Although a port city, Port-au-Prince is surrounded by mountains. Haiti is mostly mountains. (No wonder revolution was successful here.) Next to the grave warnings on the dangers of Cité Soleil, were the tales of the deforested hillside mountains of Haiti, barren of even the most meagre of trees. As with Cité Soleil, this “problem” was also exaggerated. Sure there were areas of deforestation, but also areas of lush brush and mangos for sale as we passed through each town.

Through the mountains, south of Port-au-Prince, you reach Jacmel, a city on the coast and the art capital of Haiti. I could have spent my entire trip here. On my first night, I lived lavishly. I stayed at the James Bond-esq Hotel Cyvadier. The restaurant and bar sit atop golden brown rock cliffs that wall an ocean bay. The water is turquoise. You descend down a hidden pathway through the rock to a small beach, say hello to the local kids playing and men working on reinforcing the seawall, and then paddle yourself out into the bay. I spent a lot of time there, physically and spiritually, riding the rolling waves, taking time to stare out into the ocean and back to shore at mountainous Haiti (and a rad cliff side bar).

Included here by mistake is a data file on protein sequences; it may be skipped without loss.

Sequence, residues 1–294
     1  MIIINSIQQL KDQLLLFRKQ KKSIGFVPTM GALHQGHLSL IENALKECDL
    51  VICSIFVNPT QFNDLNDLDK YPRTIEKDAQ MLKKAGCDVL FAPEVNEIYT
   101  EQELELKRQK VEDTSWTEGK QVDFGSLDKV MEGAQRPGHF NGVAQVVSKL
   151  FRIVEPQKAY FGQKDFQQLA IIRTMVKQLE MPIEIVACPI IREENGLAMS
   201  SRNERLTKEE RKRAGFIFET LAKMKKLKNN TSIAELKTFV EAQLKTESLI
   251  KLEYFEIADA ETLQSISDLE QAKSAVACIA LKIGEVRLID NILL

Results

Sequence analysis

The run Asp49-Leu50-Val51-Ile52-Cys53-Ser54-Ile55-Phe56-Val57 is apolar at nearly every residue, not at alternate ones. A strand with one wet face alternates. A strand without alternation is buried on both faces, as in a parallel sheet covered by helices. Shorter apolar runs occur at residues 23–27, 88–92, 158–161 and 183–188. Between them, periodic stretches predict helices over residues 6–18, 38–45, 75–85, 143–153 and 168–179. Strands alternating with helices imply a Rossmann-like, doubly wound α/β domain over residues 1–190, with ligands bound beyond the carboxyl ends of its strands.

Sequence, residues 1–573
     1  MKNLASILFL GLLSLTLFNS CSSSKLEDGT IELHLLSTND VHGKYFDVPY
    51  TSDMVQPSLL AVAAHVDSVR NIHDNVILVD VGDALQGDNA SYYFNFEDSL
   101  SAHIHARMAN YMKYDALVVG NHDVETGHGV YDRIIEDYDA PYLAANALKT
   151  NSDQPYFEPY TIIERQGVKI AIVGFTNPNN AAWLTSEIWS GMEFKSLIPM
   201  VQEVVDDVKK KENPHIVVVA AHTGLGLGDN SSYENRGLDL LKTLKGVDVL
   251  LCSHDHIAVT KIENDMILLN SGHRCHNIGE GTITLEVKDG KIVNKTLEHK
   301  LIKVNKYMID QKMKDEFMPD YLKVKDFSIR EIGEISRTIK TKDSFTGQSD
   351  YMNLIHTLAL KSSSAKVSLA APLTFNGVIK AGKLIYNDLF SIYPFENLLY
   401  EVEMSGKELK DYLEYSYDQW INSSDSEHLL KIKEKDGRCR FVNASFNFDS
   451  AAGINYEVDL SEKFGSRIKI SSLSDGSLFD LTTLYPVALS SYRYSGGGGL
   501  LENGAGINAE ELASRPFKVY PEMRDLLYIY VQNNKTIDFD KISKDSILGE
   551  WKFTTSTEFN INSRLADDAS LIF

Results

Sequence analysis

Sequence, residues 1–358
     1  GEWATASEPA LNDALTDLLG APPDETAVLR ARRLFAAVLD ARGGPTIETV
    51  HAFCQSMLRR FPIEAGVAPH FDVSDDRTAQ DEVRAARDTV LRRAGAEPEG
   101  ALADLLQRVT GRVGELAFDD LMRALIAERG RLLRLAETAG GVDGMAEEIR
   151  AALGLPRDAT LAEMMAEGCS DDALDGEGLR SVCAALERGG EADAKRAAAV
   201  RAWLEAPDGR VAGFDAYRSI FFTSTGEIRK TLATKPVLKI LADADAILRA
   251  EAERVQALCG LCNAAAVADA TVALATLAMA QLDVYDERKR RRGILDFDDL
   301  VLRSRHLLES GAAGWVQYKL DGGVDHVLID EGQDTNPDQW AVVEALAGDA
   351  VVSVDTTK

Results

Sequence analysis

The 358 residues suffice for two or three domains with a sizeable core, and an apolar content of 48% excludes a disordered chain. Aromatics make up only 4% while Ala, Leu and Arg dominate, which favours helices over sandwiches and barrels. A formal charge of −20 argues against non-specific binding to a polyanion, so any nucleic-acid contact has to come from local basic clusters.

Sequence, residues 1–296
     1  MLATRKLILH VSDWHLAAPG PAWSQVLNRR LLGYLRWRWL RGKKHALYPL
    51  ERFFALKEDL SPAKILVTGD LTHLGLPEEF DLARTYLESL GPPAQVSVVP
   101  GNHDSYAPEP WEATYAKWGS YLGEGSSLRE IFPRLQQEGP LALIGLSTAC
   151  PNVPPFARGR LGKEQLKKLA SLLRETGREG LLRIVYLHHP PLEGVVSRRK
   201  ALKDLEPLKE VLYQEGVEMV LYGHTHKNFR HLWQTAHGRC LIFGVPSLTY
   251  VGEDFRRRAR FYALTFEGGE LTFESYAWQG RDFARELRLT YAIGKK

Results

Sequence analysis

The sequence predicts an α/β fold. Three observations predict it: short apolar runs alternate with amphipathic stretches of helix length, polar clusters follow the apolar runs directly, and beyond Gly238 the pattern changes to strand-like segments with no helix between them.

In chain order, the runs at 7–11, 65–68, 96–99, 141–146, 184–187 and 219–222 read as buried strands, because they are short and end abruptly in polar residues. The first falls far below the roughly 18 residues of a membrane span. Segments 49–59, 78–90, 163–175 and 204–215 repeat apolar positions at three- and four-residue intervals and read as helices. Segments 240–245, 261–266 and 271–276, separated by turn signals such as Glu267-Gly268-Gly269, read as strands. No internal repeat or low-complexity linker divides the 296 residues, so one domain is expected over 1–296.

A night of luxury later, and I was awake (thanks to some Americans - more on that later). I hopped on a motorbike and went into Jacmel. I spent the day walking the promenade and exploring the city. Both need some infrastructural work, but the covered market and tiled beachfront hold a ton of potential. I sat in a beautiful park, at the top of the city, before walking down to the Jacmel Arts Centre. Hold onto your wallets. Haitian artists through ingenuity, depth, colour, texture and a deep sense of intrigue can easily relieve you of your cash. Rightfully so based on this piece.

Art purchase in hand, I prepared to leave town. I sat in the 19th century Hotel Florita chatting about return routes with the bartender and now friend, Gabriel. The place is off the charts. It is awesome. Rammed with artwork, flowers, and mahogany floors, the unique design of the hotel drips in history. The bar is where hipster pirates would have fussed over rum cocktails, but it also has a 50s chicness to it. I met three people here. One was Sadrac, a young community leader who chatted with me about Canadian church groups who support his small town. He also convinced me to come with him to said town, conveniently located near Bassin Bleu, an epic set of crystal blue waterfall pools just outside of Jacmel that cannot be missed.

Second, as I mentioned, I met Gabriel, who chatted about his New York girlfriend and commiserated with me over college woes. Third, well not a person, but people, the Americans. Jay, Derrick, Ki and Catfish.

I recognized their voices immediately. Their American accents, my alarm clock that morning at Hotel Cyvadier, rang out from across that empty hipster pirate bar. I decided to confront them. Honestly, I was alone and felt like a good chat, so I walked over and said hello.